If you look up in the sky towards the southwest just after sunset, you might notice two bright stars very close to each other in the sky. They are actually our planetary neighbors, Jupiter and Saturn! They will be getting closer and closer together leading up to December 21st, when they will be the closest they have been in our sky since 1623 – almost 400 years ago!
This event is known as a great conjunction, where two planets appear close together in the sky.
However, the great conjunction of 1623 did not occur at night, so it wasn’t visible. It has been almost 800 years, in 1226, since the last time Jupiter and Saturn were this close and actually observable!
How to see this historic conjunction with the naked eye
About 45 minutes after sunset, look towards the southwest above the horizon. You should be able to see two bright objects that look like stars. Saturn is dimmer of the two, slightly above, and the brighter one below is Jupiter.
On December 21st, Jupiter and Saturn will be separated by 0.1 degree in the sky. If you stretch out your arm and hold your hand out in front of you, you can estimate degrees in the sky. The width of your pinky finger is about 1 degree. So, the distance between Jupiter and Saturn will be about 1/10th of that! Here is a good article about measuring distances in the sky.
Please note that in high northern latitudes, the conjunction will not be as visible since Jupiter and Saturn will be too low in the sky.
We suggest checking the weather ahead of time and going outside at sunset or shortly after to make sure you don’t miss this rare celestial event!
The view below shows a preview of what you should be able to see on December 21st and nearby constellations:
How to observe this conjunction using the eVscope
If you want to view Jupiter and Saturn with your eVscope, you should be able to see them in the same field of view (FOV) of your eVscope starting on December 17th.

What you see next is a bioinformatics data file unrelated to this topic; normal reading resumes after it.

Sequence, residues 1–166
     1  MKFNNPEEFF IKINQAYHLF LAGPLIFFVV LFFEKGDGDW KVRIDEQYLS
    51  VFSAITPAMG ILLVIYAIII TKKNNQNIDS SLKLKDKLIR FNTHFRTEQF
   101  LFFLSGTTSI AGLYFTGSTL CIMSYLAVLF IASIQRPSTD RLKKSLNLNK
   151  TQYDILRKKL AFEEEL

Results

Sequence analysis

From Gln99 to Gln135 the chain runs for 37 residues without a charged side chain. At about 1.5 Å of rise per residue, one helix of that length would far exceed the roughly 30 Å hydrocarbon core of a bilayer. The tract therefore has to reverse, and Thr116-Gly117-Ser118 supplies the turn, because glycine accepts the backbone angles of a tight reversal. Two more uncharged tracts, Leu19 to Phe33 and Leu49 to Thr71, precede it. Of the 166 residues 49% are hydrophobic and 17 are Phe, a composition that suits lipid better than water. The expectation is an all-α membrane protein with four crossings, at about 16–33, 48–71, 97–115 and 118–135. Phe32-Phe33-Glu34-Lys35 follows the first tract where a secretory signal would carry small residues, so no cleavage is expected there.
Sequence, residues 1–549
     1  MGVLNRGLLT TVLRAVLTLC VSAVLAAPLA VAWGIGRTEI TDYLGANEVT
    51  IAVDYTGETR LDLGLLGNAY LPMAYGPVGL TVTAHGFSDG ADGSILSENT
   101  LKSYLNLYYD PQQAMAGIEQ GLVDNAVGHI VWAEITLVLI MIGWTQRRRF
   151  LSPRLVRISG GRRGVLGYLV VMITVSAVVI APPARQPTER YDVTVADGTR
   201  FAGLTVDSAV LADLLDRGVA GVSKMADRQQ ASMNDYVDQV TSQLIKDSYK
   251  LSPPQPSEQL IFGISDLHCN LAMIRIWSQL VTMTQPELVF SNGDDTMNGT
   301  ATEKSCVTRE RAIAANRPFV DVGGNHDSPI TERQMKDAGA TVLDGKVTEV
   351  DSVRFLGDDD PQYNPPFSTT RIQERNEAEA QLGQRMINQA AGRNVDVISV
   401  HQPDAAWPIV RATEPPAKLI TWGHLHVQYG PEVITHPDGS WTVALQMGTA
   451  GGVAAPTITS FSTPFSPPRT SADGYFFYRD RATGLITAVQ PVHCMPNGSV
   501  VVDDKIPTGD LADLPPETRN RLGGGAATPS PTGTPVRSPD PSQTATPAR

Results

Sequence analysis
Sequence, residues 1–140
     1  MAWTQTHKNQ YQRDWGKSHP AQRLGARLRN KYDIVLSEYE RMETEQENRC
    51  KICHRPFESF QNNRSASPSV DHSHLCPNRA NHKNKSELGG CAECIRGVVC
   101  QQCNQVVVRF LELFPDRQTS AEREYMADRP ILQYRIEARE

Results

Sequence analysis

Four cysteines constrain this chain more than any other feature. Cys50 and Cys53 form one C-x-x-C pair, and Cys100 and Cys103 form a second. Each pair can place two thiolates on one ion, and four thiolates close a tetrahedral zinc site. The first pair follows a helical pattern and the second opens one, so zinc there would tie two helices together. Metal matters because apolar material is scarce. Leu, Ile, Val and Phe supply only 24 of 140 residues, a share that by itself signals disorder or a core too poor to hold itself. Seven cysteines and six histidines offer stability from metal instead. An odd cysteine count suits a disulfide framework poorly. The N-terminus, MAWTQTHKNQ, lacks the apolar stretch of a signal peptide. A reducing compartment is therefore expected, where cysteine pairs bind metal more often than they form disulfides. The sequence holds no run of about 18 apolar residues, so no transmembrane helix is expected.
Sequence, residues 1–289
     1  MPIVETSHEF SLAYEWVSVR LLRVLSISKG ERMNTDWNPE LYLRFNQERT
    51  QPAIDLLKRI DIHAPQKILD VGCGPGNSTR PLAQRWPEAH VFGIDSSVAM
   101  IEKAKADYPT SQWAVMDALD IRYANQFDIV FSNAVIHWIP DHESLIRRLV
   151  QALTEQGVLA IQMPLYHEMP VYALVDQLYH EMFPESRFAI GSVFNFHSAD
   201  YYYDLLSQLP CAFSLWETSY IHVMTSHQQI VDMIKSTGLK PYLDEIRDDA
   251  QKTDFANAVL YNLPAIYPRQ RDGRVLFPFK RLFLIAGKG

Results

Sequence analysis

All you need to do is search for Jupiter or Saturn in the Unistellar app and slew to one of them. Once slewing has finished, move the joystick slightly so the other planet comes into view. As it gets closer to the 21st, you may not have to move the joystick at all to see both planets in the same FOV.
If you lower the gain and exposure, you should be able to make out the rings of Saturn and the cloud bands of Jupiter. If you raise the exposure, you should also be able to even see the four largest moons of Jupiter, called the Galilean moons, and watch as they move their positions over the days leading up to the 21st!
Here is a simulation of the eVscope’s FOV of Saturn and Jupiter on December 18th:
And for the great conjunction on the 21st:
From our CSO and SETI Institute Senior Planetary Astronomer, Franck Marchis: “The conjunction of Jupiter and Saturn is a once in a lifetime event that you don’t want to miss. Though they are actually 456 million miles apart, these two massive planetary bodies will be 0.1 degrees apart from our perspective here on Earth. Since it has been more than 800 years since the last time that this event was visible, we are gifted with a truly remarkable opportunity to observe the wonders of the cosmos and share the experience with the people we cherish most. Even for those of us who are separated from our loved ones in these uncertain times, we can all join together to observe this event, regardless of the distance between, and gaze in wonder at this extraordinary cosmic coincidence.”
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Please send us your images of this historic conjunction and let us know if we can share them!
Clear skies! 🔭